Google has been dealt a major setback, as a judge has granted class-action status to a lawsuit over alleged gender bias and pay discrimination.
Four plaintiffs have sued Google, accusing the company of discriminating against women, paying them less than their male counterparts. Google was seeking to prevent the lawsuit from gaining class-action status, but the judge ruled the four plaintiffs could represent the 10,800 women working for Google.
“This is a significant day for women at Google and in the technology sector, and we are so proud of our brave clients for leading the way,” Kelly Dermody, a lawyer representing the women, said in an email to Bloomberg. “This order shows that it is critical that companies prioritize paying women equitably over spending money fighting them in litigation.”
According to the court filing, the plaintiffs claim Google paid women roughly $16,794 per year less than men in similar roles. The case is seeking more than $600 million in damages.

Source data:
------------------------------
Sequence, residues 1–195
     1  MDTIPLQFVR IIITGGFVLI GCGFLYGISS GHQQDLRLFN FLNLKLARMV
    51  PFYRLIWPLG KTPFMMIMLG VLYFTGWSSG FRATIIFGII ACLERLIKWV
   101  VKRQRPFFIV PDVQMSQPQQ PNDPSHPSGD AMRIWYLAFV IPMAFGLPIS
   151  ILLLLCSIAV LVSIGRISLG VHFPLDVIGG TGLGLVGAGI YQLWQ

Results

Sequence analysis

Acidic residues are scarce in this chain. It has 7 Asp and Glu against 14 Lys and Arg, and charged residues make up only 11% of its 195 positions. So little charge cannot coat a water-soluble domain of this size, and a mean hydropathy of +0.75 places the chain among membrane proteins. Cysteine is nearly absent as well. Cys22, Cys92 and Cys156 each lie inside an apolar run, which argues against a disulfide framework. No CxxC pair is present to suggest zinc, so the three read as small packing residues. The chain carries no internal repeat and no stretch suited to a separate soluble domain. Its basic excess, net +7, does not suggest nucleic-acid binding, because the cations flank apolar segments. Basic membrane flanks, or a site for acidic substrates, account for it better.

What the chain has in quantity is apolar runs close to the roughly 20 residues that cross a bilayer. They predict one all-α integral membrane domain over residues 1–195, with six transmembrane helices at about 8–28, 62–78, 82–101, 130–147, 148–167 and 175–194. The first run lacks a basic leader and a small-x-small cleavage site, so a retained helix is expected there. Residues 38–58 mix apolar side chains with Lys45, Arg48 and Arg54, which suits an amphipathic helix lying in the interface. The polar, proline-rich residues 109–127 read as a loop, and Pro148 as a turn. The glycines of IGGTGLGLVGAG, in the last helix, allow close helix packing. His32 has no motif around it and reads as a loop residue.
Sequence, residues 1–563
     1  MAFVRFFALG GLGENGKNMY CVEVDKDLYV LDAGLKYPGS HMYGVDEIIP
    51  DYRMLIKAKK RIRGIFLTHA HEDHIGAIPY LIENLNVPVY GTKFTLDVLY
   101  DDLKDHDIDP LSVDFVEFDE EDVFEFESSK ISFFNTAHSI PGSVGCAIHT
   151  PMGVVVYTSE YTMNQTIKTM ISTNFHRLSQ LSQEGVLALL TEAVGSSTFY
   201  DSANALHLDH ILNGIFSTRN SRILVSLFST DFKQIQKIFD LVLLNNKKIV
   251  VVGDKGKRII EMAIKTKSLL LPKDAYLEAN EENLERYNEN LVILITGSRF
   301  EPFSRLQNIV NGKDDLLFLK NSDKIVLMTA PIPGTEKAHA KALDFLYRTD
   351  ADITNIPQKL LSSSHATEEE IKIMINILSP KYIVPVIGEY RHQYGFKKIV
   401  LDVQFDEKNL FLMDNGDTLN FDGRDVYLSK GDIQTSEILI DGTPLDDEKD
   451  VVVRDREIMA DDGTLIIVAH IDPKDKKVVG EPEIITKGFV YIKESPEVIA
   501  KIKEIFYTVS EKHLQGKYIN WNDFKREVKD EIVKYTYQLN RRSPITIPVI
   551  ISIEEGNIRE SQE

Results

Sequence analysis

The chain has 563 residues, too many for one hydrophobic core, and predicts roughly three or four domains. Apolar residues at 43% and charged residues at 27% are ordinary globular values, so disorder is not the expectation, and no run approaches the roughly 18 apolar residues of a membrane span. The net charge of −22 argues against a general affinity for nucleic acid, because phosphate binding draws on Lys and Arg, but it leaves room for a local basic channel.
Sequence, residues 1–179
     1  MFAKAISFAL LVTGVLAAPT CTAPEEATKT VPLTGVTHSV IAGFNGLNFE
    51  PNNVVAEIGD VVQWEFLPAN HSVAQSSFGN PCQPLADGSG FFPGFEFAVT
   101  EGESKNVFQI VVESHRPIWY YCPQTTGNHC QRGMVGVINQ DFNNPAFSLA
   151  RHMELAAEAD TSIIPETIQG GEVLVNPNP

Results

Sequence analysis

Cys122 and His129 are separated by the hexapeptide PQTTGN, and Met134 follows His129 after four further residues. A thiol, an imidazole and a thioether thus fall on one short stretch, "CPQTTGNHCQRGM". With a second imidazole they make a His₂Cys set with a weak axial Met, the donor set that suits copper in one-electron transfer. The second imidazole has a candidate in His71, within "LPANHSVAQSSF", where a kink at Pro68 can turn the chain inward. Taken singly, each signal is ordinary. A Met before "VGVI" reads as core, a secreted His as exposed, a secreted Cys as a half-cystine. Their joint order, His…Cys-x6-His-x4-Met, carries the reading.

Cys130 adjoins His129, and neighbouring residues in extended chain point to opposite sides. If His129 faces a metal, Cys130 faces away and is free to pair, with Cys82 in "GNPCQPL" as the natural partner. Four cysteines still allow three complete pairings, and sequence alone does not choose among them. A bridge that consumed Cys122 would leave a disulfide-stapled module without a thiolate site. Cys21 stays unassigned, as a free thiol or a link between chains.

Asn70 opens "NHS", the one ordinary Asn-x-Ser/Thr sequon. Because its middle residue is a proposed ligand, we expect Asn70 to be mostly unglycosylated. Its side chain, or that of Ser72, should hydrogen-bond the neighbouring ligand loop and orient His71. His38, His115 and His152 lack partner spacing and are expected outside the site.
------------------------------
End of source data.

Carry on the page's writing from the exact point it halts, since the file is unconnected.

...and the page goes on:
The ruling is a big blow to Google, capping off a year of HR disasters. The company fired Dr. Timnit Gebru, and later Margaret Mitchell, calling into question academic integrity and its track record of how it treats Black women. The fallout has resulted in engineers quitting in protest and the company being removed as a sponsor for a prominent AI ethics conference.